The Value of Immigrants

Posted by: Michael Mandel on May 10

In a new column, I estimate that immigrants and other foreign workers are bringing about $200 billion of human capital into the country annually. That substantially compensates for the large trade deficit.

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Reader Comments

John Evans

May 11, 2005 08:29 AM

Numbers like these are raw and noncontextual. There are huge costs for any country facing mass immigration ~ especially if much of it is illegal. Business leaders may revel in the extra income, but many poorer areas face depressing social problems for people who are already on the edge. In a country like the UK which has 10 times the population density of the US, the problems are acute, particularly for the already disadvantaged. This was a big issue at last week's General Election.

William Ryan

May 11, 2005 10:37 AM

From what I understand as a student of economics, having a trade deficit isn't necessarily a bad thing at all. It shows that there is an influx of capital. Looking at China, with its massive trade surlpus, it seems that a surplus means you're dependent upon external markets for your products. In that respect, having such a healthy and powerful economy that it actually needs to consume lots of foreign goods seems to be a good sign. Although trade deficit CAN become debt, it isn't inherently debt in and of itself.

I'd love to hear your response to this claim, if you're willing to engage it. I've heard a lot of mainstream press worried about the deficit, but most economists and independent bloggers don't seem to agree. The truth of the matter is sorely needed.

Jack Krupansky

May 11, 2005 03:00 PM

I'm a diehard PROponent of more open immigration. I say: Bring 'em on! Whether your numbers and analysis are dead-on or not, it has always seemed to me that any number of economic and social problems are "solved" with the new blood that immigrants bring to the game. These are people seeking opportunity, full of hope and optimism, not jaded clock-watchers demanding more than their fair "share" existing assets.

Face it, our current economy is biased towards shrinking the proporation of high-end workers and increasing the ranks of the lower-middle class. Blame globalization or offshoring or outsourcing or whatever, but that's how the economy is evolving. Immigrants are not the cause of this demographic dynamic, but they do help the economy grow when a lot of our indigenous engine cylinders (airlines, car manufacturers, telecom, and even technology) are clearly misfiring.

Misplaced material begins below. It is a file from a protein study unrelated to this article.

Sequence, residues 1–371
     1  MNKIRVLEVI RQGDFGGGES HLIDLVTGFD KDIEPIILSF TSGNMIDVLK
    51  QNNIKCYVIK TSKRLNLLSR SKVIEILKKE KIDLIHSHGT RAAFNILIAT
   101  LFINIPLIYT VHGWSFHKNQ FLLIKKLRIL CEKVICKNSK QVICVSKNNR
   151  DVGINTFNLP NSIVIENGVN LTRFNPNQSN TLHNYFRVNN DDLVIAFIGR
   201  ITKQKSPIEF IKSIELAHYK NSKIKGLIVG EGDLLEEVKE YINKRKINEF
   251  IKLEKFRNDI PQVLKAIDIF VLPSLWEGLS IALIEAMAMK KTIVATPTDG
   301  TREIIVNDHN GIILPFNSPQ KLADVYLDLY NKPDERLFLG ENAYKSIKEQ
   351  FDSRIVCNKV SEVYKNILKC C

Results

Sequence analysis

Social security begins to work again with the children of immigrants and younger immigrants themselves working during the critical time of the swelling ranks of retiring babyboomers.

Again: Bring 'em on!

-- Jack Krupansky

Bleifeld

May 17, 2005 05:06 PM

The amount of money sent back to Mexico and other places must be taken into account. I live in South Texas and the amount of money I see being sent to Mexico via Wire is astounding.

I believe the aliens from Mexico / Central / South America are depressing the wages in the Southern states not to mention the national security issues.

Those on welfare today were the people who in days gone by had the jobs with proponents of immigration state "no one else wants". Of course not one else wants these hard, low pay jobs when they can get welfare.

In today’s smaller more mobile world these aliens are not joining the country as so many immigrants of previous generations have. Most are here as visitors to earn (illegally) hard currency and ship it back over the border via wire transfer. All of this is done with the encouragement of the Mexican government as well as the ACLU.

Jim Enloe

May 26, 2005 04:45 PM

Mexico accounts for 3/4 of repatriated funds and the total is around 20 Billion a year. This in an economy of 11 Trillion. And consider that Mexicans send a small portion of the dollars they earn for their labor back home - obviously the United States is benefiting tremendously from the labor of illegals who will never receive credit for the taxes they paid. Some areas of the US suffer disproportionaly and I'm in favor of tighter borders - but the economic argument is clearly in favor of immigration whatever the rate of repatriation.

remember alamo

June 4, 2005 07:00 PM

20million+ ilegal mexican ALIENS,half of on average $500a week sent out of U.S economy into Mexico's(who with all the money U.S. has given to them still has no sanitary drinking water).So, lets say $200*20,000,000 every week sent home,tax-free,only them and western union benefitting.What about contractors who employ only illegal aliens and are able to underbid AMERICAN contractors due to the fact that they pay no workers comp,no ssi benefits,no nothing but already low wages directly to worker.What about illegal aliens swelling populations in already crowded areas causing to demand for all goods and services to go up causing prices to go up?What about AMERICAN taxpayer's dollars paying for fraudulent ssi#'s used to reap health and social service assistance?
Now add on money that leaves here from AMERICANS pockets on drug trade with mexico.Are people so unAMERICAN as to say bring on all these problems?Bring on immigration is an insult to those people the mexican army slaughtered at the Alamo partner.

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Michael Mandel, BW's award-winning chief economist, provides his unique perspective on the hot economic issues of the day. From globalization to the future of work to the ups and downs of the financial markets, Mandel-named 2006 economic journalist of the year by the World Leadership Forum-offers cutting edge analysis and commentary.

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